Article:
There are several reasons why it’s impossible to form another Scout association. First and foremost, we are current and former Scouts, professional Scouters, volunteer Scout leaders and parents and friends of Scouts who want the BSA return to its basic principles of inclusivity. The BSA is our organization. We don’t want to break the BSA; we want to strengthen it. Also, Congress in 1916 chartered the BSA as the sole Boy Scout organization in the USA. Additionally, the international Scouting organization (World Organization of the Scout Movement, WOSM) only recognizes one Scouting group per country. Plus, we’ve made so much progress in making the BSA a more welcoming and inclusive place – why would we throw that all away now, just to support a different organization?
Did the BSA always have these policies?
The oldest known mention of a specific BSA policy of excluding gays was in an internal 1978 memo. Earlier mentions of anti-gay exclusion appear in Scouting literature, including a passage in the 1972 edition of the Scoutmaster’s Handbook. The first public announcement of the BSA policy was in 1992. The first BSA National Executive Board statement of the policy was in 2001.
What about the Girl Scouts of the USA?
The Girls Scouts do not discriminate against anyone. They have had a written non-discrimination policy in effect at the national level for several years. In response to the Girl Scouts inclusiveness, a small spin-off group called American Heritage Girls formed in 1995.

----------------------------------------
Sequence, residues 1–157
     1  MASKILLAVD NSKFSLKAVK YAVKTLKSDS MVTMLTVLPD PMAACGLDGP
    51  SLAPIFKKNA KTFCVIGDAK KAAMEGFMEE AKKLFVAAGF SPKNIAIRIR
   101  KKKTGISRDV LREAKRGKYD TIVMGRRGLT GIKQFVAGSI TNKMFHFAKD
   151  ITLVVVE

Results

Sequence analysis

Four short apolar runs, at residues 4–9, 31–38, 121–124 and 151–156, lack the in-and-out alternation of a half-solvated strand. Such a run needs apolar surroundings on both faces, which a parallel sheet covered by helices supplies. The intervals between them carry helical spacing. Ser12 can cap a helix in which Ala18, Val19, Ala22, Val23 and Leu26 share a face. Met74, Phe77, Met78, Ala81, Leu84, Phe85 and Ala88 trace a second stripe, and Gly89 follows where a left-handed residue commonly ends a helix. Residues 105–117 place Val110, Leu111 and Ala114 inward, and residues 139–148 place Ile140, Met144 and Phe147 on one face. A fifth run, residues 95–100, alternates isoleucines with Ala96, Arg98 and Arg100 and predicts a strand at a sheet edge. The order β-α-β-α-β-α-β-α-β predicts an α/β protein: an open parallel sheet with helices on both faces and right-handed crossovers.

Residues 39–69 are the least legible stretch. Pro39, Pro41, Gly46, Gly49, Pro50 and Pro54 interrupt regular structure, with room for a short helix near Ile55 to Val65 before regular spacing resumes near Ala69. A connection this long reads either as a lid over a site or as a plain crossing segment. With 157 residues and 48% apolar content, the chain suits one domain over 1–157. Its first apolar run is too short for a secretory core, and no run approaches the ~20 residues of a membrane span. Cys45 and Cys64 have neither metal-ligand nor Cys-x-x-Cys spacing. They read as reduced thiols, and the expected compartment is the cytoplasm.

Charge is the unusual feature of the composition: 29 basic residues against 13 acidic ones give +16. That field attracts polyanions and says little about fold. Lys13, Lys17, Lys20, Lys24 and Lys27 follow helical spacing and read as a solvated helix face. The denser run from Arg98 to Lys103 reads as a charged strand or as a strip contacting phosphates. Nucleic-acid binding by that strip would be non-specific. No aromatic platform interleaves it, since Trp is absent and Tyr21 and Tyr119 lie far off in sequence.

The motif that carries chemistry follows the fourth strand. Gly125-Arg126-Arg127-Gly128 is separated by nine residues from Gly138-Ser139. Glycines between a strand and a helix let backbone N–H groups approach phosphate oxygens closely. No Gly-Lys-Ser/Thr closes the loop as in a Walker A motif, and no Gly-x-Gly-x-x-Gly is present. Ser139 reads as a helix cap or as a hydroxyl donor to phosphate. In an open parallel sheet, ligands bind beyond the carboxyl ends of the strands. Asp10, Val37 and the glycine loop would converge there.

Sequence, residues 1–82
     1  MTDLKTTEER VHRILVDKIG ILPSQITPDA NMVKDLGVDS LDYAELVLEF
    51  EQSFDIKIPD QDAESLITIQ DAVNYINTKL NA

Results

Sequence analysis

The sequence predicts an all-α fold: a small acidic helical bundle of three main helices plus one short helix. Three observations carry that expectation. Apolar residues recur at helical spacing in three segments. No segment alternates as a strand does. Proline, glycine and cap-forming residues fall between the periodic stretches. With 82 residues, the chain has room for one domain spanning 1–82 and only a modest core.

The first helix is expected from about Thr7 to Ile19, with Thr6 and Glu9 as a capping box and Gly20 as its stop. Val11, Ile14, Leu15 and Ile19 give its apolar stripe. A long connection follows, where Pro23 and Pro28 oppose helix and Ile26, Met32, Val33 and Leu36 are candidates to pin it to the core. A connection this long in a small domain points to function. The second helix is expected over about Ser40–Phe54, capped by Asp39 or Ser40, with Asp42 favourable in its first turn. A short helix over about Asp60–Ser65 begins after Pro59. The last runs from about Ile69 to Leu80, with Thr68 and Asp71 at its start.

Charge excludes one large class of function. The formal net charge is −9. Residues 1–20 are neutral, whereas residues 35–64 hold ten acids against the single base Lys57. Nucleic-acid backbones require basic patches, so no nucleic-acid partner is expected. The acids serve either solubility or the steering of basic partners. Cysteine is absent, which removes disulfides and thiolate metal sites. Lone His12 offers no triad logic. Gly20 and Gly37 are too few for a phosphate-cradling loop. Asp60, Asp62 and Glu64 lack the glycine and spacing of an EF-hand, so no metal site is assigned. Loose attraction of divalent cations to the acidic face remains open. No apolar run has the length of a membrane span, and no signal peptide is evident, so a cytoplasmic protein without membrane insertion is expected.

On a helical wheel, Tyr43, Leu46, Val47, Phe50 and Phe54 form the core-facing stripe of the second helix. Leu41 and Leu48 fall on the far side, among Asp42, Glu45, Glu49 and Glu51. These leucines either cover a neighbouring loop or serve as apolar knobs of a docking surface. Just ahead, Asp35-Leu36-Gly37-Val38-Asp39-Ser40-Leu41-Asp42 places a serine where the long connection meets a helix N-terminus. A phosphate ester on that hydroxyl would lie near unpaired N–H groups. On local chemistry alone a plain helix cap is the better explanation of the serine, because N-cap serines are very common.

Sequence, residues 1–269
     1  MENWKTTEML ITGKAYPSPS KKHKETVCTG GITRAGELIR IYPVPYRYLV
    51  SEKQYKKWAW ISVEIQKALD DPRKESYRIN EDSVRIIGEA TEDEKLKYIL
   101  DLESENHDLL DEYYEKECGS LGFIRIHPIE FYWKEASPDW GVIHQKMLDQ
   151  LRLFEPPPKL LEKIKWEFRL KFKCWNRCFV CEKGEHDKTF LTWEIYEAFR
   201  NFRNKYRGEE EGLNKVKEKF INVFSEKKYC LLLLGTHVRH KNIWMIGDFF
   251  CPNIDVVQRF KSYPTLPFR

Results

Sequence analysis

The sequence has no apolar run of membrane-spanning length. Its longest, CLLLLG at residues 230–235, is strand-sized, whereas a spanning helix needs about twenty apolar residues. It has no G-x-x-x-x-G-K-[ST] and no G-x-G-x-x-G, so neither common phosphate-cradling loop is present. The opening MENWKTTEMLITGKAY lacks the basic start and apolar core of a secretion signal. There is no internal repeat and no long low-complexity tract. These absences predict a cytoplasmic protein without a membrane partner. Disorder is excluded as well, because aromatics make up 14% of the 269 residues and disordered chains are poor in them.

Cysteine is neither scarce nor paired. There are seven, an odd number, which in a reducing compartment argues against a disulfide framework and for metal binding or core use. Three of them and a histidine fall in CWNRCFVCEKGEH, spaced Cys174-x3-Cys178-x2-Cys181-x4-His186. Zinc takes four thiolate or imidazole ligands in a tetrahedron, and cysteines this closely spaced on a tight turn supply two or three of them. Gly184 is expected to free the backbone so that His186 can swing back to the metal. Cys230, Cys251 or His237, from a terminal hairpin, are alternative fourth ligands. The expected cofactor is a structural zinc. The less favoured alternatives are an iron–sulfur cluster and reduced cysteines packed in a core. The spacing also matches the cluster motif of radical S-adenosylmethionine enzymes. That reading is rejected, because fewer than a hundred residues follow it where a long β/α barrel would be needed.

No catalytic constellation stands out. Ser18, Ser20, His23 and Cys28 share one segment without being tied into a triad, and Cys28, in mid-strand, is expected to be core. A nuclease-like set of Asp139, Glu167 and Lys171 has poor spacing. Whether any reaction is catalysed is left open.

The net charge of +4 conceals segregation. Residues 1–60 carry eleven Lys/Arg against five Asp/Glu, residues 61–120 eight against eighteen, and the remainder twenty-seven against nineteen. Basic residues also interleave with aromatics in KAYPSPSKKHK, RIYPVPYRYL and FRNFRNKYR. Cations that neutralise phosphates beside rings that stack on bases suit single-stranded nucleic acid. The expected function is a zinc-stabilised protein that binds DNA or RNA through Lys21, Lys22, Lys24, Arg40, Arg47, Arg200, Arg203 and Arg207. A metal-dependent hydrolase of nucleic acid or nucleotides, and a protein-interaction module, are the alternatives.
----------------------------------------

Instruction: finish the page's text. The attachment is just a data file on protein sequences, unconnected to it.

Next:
How many Scouts and Scouters have been dismissed under these policies?
There are more than two dozen known cases of discrimination by the Boy Scouts of America, dating back to 1980. There are many more undocumented cases where membership has been revoked, people were asked to leave, or people were made to feel so uncomfortable that they simply walked away. We have no idea how many people have been negatively affected by the policy; some boys simply quit Scouting after bullying or harassment or feeling excluded and others might have left quietly after their parents pulled them out of the program. Membership in Scouting has been on the decline since 2000, likely due to combinations of cultural shifts, changes in youth activities, and a continual shift toward more inclusive views, particularly with regards to youth and young parents.
Do other Scouting organizations outside the U.S. have discriminatory policies?
Most Scout associations in Europe and in the former British Empire do not discriminate based on sexual orientation. The United Kingdom Scout Association and Scouts Canada have both adopted non-discrimination policies prohibiting the exclusion of youth on the basis of sexual orientation. In July 2001, 400 representatives of the European Conference of Guides and Scouts, representing 3.1 million boys and girls in 41 countries, overwhelmingly approved a resolution, presented by the Belgian delegation, against discrimination on the basis of sexual orientation. Only six nations — Turkey, Greece, Romania, Portugal, Cypres and Malta — voted against the resolution.